David Schwartz wrote:

> What I think Michael Sierchio was saying, though, was something different.
> He's not saying to treat a certificate as revoked, he's saying not to issue
> a certificate. Basically, he's saying a CA could refuse to issue a
> certificate for any key that it had ever seen before in any other context. I
> think this would be a mistake for a lot of reasons, not the least being the
> hit-or-miss aspect of having previously seen the key.

I'm saying that matters of policy are within the purview of the
Registration Authority and/or Certificate Authority. The relying
party agreement associated with the CA, and perhaps baked into
the certificate via reference, can spell this out.

If it's your policy not to reuse keys, or allow their use beyond
the lifespan of the certificate, then the enforcement mechanism
for this MUST be in the CA.

I don't understand your "hit-or-miss aspect" - a CA must keep track
of all the issued certificates back to the beginning of time. It is
trivial to know whether a key has been used before.

And my objection remains to your notion that the private key format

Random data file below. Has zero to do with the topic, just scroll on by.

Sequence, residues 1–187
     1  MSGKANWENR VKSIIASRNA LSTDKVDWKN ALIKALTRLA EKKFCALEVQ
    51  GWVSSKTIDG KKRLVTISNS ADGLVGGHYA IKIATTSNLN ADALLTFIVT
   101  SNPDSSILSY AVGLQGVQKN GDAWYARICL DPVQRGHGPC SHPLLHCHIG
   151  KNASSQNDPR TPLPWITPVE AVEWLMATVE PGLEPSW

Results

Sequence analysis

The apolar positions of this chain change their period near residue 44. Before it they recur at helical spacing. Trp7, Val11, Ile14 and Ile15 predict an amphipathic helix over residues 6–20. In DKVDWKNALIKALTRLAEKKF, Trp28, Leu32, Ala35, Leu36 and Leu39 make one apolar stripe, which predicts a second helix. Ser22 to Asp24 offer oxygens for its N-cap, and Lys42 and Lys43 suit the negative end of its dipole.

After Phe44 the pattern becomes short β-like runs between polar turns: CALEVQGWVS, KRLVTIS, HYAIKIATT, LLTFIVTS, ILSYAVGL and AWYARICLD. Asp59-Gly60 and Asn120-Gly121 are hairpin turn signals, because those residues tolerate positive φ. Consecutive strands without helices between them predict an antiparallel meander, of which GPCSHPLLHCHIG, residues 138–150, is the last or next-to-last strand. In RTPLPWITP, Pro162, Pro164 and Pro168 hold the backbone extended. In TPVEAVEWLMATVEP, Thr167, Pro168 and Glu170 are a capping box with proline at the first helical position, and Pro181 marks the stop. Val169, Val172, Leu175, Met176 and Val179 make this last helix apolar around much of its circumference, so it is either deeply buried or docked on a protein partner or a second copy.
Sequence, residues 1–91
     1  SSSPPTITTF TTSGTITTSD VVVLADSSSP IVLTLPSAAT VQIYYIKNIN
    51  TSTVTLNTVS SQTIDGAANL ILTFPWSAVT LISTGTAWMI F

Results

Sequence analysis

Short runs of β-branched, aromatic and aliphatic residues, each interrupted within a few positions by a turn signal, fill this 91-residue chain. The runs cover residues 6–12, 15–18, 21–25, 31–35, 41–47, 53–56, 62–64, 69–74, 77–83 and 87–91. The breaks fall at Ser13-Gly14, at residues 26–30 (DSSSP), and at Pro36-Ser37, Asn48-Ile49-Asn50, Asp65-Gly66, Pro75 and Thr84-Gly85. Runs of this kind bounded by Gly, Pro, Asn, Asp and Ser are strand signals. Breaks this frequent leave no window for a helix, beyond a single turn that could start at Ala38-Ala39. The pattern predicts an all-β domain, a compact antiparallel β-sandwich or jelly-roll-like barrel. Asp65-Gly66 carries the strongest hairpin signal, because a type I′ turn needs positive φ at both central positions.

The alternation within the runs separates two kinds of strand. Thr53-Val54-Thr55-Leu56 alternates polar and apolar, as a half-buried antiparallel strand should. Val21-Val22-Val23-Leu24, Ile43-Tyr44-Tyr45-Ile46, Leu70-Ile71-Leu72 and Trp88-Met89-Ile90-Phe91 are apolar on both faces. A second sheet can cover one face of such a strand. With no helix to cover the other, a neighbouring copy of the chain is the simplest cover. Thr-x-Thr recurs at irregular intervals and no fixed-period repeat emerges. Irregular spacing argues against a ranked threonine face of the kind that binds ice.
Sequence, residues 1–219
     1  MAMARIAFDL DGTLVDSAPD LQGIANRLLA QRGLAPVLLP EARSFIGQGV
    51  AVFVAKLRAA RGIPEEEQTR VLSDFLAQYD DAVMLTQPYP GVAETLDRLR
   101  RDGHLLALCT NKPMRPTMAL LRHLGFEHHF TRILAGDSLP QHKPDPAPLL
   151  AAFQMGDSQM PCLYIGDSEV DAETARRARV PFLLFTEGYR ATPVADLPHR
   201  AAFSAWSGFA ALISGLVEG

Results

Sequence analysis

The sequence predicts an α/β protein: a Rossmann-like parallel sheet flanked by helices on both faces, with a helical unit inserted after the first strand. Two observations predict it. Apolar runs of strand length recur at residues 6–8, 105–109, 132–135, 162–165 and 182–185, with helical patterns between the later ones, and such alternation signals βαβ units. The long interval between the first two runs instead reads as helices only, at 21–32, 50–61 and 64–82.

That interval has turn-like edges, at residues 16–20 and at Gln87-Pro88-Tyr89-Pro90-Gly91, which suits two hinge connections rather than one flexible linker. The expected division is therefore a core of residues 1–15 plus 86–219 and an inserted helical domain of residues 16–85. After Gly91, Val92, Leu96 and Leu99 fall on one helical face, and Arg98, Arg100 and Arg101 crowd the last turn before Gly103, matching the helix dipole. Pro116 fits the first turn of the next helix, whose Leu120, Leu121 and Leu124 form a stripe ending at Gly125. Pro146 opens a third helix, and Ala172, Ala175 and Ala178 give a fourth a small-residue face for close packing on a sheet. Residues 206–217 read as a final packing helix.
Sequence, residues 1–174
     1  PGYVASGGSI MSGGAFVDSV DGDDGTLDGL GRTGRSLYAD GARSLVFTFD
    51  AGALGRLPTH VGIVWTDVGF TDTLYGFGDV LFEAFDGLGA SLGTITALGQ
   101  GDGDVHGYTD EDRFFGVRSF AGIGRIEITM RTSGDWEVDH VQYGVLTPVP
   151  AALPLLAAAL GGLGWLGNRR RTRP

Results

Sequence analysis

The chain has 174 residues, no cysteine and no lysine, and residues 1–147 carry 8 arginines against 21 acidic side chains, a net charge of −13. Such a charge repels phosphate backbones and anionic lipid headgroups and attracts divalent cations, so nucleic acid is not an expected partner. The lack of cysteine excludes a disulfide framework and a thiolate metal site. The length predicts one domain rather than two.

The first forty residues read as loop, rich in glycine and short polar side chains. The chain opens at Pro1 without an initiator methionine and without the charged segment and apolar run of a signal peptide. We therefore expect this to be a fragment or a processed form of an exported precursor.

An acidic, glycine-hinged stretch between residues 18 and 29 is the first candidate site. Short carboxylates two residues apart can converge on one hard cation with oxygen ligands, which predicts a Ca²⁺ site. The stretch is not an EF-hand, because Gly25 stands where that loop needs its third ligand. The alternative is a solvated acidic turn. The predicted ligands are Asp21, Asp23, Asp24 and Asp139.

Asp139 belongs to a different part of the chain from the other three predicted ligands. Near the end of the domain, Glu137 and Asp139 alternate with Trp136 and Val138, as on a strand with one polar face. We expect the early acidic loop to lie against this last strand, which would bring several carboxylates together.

should be extended to include generation date. Even if you are
to reissue/resign a cert with the same subject pubkey, you still
have a record of when the key was first placed into use.

I also don't understand why you think it would be appropriate to
use the same key in different certs. It is much more common to
have different certs with different keys for different purposes.
For example, if you wish to claim non-repudiation, then the CA
may require that the private key is embedded in a token device
where the keypair was generated, and is not otherwise accessible.
Such a key would be used for signing only, presumably, for a
number of very good reasons. The same entity may have an SSL
client cert, an encryption cert, etc.

The OP was asking about the mechanics of signature verification
beyond the expiration date of the signing cert. I think we've
answered that.

- M
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